SCO versus IBM, Round Three

SCO sees the downside and IBM clamors for more time

In a regulatory filing with the Securities and Exchange Commission (SEC) in late March, the SCO Group warned of the potential fall-out from its $1 billion lawsuit against IBM Corp.

In early March, SCO filed suit against IBM for allegedly sharing its proprietary technology with the open source software (OSS) community. In its filing, SCO charged that that IBM had deliberately misappropriated SCO’s proprietary Unix source code to accelerate the development of Linux. The company charged Big Blue with attempting to “improperly destroy the economic value of UNIX.”

SCO’s filing was submitted to allow two of its major shareholders to sell their holdings in the troubled company. In it, SCO acknowledges that "Unintended consequences of our lawsuit against IBM may adversely affect our business” and warned that the likelihood of increased legal fees in particular could negatively impact its bottom line. Moreover, SCO disclosed that revenues it earns as a result of joint ventures with IBM and its partners could dry up as well.

IBM enjoys an enviable reputation among many of its customers, and in its filing, SCO acknowledges for the first time that this could hurt its bottom line as well: “We anticipate that IBM may seek to influence participants in the markets in which we sell our products to reduce or eliminate the amount of our products and services that they purchase.”

More alarming, SCO conceded that the lawsuit—and its potential implications with respect to Linux and OSS—could hurt it. "There is also a risk that the lawsuit against IBM will be negatively viewed by participants in our marketplace, and in such event, we may lose support from such participants.”

Some industry watchers—such as Rob Enderle, a senior analyst with Forrester Research subsidiary Giga Information Group—have indicated that SCO’s litigation could “test” the GNU General Public License (GPL), the licensing model on which OSS is based. Even if SCO’s claims are ultimately baseless, Enderle noted in an interview last month, the potential for fear, uncertainty, and doubt among prospective customers could hamper Linux adoption. “The overall Linux model has never been tested in court, and it looks like SCO is on the aggressive path to do so.”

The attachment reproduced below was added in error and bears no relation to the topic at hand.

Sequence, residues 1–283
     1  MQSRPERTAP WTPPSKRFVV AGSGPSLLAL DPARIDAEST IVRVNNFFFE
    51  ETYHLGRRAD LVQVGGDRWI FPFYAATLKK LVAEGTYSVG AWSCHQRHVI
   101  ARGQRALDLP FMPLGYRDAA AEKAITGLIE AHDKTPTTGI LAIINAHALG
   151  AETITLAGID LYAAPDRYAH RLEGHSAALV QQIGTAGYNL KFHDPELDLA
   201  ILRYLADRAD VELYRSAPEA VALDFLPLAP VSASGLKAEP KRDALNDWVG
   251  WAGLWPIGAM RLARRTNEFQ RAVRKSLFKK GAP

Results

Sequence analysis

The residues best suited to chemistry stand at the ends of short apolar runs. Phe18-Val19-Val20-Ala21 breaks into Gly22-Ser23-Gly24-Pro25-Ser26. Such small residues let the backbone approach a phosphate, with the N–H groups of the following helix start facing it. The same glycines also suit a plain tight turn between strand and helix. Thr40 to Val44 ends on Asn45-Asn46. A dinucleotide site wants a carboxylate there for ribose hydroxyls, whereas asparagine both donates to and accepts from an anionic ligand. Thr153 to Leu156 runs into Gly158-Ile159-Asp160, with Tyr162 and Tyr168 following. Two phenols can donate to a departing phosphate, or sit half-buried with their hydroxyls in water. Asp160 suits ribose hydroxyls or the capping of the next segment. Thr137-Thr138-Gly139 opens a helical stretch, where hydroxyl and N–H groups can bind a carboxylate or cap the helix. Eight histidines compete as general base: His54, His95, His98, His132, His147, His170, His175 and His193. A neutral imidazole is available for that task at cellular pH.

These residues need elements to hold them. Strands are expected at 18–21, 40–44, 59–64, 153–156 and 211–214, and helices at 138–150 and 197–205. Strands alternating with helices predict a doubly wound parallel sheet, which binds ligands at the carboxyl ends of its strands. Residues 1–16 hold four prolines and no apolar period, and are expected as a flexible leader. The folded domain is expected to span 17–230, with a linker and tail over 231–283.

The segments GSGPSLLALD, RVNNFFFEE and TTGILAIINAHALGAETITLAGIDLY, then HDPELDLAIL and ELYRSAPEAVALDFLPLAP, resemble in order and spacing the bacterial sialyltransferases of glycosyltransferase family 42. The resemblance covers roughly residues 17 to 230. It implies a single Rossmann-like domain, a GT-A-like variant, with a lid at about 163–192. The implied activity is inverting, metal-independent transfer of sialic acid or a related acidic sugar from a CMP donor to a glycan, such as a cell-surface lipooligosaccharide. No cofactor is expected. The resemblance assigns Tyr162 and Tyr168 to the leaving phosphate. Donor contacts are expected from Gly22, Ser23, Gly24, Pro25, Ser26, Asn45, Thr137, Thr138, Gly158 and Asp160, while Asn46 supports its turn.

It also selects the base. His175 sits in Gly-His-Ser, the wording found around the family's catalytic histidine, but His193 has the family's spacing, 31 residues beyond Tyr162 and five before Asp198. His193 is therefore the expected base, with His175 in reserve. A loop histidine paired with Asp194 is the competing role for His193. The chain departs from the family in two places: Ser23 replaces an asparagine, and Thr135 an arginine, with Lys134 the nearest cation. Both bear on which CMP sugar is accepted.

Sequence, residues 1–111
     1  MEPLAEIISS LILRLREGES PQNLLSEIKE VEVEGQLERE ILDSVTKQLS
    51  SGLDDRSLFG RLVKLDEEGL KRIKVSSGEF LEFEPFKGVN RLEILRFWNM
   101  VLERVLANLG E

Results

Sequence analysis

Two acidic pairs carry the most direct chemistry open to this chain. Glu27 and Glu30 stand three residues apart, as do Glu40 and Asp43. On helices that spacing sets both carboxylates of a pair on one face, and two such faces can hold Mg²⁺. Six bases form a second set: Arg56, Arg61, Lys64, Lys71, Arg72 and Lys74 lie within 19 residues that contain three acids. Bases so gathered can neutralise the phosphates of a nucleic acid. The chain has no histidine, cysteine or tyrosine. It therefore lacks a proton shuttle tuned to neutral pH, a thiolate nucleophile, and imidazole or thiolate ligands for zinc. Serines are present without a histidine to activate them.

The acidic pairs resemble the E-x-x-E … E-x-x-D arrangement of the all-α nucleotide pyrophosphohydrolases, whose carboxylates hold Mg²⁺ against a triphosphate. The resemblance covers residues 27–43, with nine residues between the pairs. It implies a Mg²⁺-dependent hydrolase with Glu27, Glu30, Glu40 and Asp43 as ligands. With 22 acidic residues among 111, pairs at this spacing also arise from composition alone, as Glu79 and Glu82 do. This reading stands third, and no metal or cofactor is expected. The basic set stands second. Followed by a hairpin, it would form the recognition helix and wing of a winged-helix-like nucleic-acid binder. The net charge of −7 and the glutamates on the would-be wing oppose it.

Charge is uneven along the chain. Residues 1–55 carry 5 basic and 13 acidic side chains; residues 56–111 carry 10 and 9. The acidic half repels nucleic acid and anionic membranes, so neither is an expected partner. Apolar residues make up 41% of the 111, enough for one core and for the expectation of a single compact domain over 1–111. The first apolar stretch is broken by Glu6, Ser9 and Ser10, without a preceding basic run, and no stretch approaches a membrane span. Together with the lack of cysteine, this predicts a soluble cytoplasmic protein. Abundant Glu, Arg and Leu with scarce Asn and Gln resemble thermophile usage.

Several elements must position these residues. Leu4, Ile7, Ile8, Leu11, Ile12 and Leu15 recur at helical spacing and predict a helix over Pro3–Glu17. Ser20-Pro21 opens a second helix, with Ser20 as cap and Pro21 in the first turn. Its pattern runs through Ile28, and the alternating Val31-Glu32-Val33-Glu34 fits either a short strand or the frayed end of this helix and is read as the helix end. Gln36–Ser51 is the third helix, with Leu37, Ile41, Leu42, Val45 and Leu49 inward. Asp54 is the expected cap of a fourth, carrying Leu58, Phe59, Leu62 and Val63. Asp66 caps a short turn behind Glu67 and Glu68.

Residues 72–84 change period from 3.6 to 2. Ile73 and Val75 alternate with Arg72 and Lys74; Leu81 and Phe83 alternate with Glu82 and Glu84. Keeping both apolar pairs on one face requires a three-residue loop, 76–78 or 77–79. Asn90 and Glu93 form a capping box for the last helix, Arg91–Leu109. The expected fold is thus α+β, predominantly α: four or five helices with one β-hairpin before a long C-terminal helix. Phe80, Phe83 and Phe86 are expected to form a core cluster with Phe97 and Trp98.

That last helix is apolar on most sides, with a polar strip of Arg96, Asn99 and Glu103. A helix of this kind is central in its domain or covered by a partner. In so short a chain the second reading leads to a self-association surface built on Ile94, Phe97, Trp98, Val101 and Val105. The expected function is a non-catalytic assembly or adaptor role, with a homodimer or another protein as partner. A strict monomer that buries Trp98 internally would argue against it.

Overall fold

IBM Files for Extension

Big Blue is defended by the firm of Cravath, Swaine & Moore, which could make for an even more intriguing match-up, as SCO’s principal attorney—David Boies, of the firm Boies, Schiller & Flexner—worked for Cravath, Swaine & Moore for most of his career. Boies also defended IBM in its notorious—and interminable—antitrust wrangling with the Justice Department through the early 1980’s.

In a filing last week, IBM sought to have the case moved out of a Utah state court and into a federal court. SCO is headquartered in Lindon, Utah.

This week, Big Blue requested a 30-day extension to allow it to file its response to SCO’s lawsuit.

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About the Author

Stephen Swoyer is a Nashville, TN-based freelance journalist who writes about technology.